Makwana said: “The team and our roots set us apart from the rest of the industry.
“Many of the people involved with company have been active in this sector for several years, people who’ve spent years honing their expertise in cultivation, breeding, plantation management, clinical trials, chemistry and extraction.
“This plant has a lot of amazing properties and we’re passionate about unlocking them for consumers and patients.”
The company has already completed an initial funding round and is planning a private subscription to raise further capital in the near future.
Deals to begin two manufacturing operations in Europe, including a 10,000+ square metre cultivation plant in Macedonia, are nearing completion and the company has longer term ambitions to carry out its own clinical trials.
It’s early days but the company has set out a five-year growth plan and is targeting £13.1m in inward investment.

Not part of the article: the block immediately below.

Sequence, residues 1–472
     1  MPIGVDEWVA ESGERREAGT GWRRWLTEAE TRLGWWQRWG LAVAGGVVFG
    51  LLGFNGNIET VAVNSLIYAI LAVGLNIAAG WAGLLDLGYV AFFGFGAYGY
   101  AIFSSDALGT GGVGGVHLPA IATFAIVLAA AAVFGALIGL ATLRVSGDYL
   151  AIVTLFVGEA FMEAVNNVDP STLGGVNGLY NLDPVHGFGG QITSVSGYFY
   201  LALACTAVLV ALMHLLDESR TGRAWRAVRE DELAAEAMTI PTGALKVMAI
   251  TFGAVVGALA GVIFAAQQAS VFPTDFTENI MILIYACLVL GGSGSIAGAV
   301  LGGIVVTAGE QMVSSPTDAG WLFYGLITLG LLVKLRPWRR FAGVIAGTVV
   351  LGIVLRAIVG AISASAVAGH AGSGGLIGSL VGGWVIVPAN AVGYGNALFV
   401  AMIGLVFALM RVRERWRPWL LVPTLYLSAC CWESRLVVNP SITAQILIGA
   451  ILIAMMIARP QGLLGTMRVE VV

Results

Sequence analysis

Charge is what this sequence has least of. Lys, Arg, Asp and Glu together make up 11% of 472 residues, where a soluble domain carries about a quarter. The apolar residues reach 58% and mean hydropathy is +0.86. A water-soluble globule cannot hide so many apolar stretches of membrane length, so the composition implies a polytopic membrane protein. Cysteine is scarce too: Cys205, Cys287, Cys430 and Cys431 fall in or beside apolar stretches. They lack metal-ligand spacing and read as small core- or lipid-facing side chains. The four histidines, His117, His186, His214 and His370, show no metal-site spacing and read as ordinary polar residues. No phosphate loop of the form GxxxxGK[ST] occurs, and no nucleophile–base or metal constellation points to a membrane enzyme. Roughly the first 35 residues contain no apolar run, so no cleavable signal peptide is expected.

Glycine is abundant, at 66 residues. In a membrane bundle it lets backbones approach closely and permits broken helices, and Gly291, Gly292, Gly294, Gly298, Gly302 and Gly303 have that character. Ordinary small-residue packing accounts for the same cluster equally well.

Makwana told Cannabis Health, AltoVerde, which is headquartered in the UK, will be involved from seed to distribution and will respond to change in the market and regulations.
He said: “We’re setting ourselves up to be able to adjust to the way market demands shift over the coming years.
“With our expertise we know we can satisfy demand from the medicinal and wellbeing markets.
“We’re positioning ourselves up to take advantage whichever way regulations go and however the market changes.
“With our experience we know we can change and adapt.”